Chain, 2002

Let the Power Fall. An Album of Frippertronics, 2002

Let the Power Fall. An Album of Frippertronics, 2002

Riddled Screen, 2002

Since the end of the 1980s Angela Bulloch has produced works that vary greatly in appearance, they have nonetheless one topic in common: namely the handling and projections about the regulatory nature and organisational structures of our past and present life systems. Typically, she conceives several work groups concrurrently. She does not elaborate them in chronological order, but sometimes abandons one, only to take it up again at a later stage. These groups cover a wide range: sound works, light pieces, drawing machines which respond to movement, pressure or noises made by the viewers. Some of these are interactive, while others merely give the impression of being so. Then there are wall paintings, photo series, video interventions and text works called “Rules”. Various self-imposed rules of society are chosen then removed from their particular social contexts and reinserted into different places. This process undermines the authority of the rules, and they become ‘images’ of society’s structures. Angela Bulloch’s works are either of an impersonal, technical nature or their aesthetic is determined by the technology employed (video, film, sound or image processing, etc.). Her work features forms familiar to us from the everyday world, or the “revamped” earlier version of the technology she employs. Consequently, regarding design concepts, the artist’s entire life-span is represented – from the sixties until today (and into the future).

A central aspect of her work is that she not only enables us to experience from within how realities are organised as sites of action and systems. She also reveals the constant flux of things caused by the projection of ideas and concepts onto locations, objects and realities which actually exist. The perception of structures and the perception of this perception can be described as the site in which the restructuring of reality is expressed as the constitution of individuality.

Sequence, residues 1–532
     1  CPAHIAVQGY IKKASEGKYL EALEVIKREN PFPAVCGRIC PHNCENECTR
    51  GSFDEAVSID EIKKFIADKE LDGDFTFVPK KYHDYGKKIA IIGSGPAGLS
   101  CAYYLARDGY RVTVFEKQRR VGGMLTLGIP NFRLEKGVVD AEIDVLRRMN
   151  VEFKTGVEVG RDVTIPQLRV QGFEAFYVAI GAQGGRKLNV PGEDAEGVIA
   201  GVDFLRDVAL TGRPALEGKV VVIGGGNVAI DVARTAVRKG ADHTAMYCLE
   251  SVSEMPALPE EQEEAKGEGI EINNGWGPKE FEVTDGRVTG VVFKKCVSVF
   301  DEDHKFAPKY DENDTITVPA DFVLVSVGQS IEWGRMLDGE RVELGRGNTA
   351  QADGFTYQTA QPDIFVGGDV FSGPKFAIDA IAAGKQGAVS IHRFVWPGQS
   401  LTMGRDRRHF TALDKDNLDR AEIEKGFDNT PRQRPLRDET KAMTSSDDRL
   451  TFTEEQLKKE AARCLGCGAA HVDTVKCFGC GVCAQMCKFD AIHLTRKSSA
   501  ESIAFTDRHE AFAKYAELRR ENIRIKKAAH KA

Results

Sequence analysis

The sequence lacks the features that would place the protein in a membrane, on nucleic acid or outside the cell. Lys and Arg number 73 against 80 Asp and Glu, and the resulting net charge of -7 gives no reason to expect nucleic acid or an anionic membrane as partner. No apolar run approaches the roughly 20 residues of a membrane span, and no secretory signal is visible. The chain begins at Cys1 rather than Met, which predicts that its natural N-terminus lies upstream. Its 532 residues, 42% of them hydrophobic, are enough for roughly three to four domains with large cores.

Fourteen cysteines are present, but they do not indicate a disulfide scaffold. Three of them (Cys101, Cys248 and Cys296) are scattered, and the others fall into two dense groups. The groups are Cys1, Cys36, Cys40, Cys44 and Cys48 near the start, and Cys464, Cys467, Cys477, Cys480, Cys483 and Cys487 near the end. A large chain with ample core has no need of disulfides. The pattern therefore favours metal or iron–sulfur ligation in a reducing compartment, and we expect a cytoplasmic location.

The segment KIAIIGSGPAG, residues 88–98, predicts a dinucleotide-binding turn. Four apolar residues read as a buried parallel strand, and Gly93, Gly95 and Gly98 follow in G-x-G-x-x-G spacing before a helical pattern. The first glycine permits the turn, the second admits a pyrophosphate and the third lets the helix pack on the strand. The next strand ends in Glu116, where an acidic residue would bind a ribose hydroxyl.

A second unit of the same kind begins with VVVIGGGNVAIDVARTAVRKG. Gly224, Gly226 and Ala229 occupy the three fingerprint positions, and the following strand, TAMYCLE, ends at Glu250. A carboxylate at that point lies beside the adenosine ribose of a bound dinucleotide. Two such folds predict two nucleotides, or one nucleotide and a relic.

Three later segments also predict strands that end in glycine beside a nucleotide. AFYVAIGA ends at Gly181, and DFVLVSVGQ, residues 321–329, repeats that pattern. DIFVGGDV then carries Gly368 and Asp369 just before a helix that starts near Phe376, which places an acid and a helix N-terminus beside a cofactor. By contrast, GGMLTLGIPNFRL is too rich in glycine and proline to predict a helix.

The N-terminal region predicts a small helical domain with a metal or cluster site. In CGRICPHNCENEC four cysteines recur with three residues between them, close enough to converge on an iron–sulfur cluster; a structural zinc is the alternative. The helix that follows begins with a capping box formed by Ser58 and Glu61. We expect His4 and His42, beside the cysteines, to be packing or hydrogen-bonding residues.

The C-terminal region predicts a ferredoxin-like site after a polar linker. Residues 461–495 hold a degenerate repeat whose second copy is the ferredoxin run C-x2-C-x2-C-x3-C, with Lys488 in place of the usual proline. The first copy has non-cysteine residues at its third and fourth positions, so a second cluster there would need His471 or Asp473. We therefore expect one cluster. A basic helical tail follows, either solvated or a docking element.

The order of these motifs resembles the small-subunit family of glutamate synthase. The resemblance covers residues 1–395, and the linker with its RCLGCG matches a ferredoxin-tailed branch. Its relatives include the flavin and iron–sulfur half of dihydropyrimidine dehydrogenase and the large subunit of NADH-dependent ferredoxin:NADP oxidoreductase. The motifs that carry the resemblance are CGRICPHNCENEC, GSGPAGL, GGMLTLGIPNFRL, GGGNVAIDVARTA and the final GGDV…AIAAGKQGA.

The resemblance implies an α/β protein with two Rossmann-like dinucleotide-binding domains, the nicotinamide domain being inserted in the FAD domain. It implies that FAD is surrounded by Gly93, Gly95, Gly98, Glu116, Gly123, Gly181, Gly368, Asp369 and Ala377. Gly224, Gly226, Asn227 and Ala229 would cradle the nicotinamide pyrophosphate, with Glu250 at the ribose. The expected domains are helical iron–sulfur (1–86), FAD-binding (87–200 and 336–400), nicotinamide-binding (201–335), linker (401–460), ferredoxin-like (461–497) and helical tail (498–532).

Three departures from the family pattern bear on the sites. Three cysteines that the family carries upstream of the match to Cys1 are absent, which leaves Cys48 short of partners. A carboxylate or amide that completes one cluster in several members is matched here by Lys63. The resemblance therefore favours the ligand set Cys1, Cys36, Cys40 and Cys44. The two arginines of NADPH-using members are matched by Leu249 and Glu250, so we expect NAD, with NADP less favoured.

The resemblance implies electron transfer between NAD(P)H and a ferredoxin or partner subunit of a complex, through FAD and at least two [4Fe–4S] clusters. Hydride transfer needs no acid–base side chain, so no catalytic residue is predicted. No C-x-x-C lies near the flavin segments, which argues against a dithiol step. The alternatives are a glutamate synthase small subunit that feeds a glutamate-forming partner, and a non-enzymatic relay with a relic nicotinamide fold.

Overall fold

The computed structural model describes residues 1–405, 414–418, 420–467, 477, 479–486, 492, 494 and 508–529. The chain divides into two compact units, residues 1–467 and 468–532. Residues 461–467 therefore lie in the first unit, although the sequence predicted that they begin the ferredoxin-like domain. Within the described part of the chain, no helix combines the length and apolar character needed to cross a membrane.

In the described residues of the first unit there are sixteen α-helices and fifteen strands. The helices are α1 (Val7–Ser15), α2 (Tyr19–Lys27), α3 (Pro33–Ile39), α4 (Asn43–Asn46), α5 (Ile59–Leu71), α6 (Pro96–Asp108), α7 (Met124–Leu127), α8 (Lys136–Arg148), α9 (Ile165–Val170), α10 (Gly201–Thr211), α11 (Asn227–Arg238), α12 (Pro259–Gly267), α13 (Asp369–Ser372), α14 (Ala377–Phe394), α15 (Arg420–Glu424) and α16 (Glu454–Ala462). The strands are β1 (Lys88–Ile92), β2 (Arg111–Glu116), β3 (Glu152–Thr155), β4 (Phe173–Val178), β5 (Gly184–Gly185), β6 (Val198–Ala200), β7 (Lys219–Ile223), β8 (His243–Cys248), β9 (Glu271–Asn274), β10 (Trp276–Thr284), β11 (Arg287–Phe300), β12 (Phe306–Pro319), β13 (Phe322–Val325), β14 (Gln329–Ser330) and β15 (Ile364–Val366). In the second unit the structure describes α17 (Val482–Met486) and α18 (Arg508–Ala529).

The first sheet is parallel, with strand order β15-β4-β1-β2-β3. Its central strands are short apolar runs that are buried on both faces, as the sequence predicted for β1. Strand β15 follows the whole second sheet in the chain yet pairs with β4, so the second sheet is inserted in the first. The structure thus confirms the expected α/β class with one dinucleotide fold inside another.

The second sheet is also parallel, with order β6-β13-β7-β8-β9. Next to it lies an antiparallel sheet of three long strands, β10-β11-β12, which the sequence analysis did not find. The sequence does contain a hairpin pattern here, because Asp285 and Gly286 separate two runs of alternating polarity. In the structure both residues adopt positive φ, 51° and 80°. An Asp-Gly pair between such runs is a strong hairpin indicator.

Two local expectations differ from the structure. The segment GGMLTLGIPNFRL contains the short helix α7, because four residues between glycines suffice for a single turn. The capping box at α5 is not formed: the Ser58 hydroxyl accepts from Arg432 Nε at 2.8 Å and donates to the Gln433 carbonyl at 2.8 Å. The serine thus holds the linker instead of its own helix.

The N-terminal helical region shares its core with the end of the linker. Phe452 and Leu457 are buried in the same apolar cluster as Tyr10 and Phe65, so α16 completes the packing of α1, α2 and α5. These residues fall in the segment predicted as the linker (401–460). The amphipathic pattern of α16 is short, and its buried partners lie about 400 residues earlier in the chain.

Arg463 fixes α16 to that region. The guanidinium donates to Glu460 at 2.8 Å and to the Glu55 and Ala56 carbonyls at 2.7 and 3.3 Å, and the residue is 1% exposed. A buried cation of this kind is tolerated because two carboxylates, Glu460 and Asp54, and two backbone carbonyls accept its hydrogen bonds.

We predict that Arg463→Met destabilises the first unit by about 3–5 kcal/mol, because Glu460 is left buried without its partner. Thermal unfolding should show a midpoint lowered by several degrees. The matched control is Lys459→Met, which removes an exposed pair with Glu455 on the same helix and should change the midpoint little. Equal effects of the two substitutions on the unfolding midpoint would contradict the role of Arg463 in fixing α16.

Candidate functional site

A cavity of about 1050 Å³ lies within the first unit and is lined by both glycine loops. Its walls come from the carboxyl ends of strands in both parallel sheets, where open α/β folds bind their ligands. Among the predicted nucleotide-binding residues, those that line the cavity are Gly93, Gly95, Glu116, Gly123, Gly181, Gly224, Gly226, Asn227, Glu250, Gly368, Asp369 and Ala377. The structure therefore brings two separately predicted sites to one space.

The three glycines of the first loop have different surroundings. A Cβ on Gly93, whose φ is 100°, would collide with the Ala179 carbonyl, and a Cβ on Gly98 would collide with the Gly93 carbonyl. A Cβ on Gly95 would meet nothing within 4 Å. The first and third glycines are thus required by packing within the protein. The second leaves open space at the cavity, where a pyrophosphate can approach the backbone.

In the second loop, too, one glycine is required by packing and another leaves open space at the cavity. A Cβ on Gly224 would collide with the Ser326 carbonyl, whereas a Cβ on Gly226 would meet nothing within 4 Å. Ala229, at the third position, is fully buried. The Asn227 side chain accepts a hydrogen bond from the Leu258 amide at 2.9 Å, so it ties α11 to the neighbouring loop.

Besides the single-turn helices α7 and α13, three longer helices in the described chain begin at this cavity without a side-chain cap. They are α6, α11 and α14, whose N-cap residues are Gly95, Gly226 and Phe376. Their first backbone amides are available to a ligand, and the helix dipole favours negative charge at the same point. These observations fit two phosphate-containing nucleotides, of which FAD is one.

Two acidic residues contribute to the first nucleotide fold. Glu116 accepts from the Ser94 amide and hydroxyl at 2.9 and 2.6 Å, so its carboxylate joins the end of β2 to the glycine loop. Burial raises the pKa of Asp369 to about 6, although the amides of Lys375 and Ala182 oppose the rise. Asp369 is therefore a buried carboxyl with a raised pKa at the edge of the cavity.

The technology behind her more recent pixel works is relatively easy to explain as a reinvention of television. Bulloch collaborated with Holger Friese to create a special modular light mixing system that allows 1.6 million colours to be mixed thanks to fluorescent tubes in the three screen colours red, green and blue. They engaged a variety of technical experts for the research and development of the various pixel modules. An interface was invented to operate the modules individually with digital information and each work runs its own programme. Each pixel module consists of a backlit glass sheet in a box and fluorescent cubes arranged by the artist to form various structures: towers, rows and more recently an entire “movie screen”.

Beatrix Ruf, ‘Pixel Text’, Kunsthaus Glarus, 2001 (excerpt)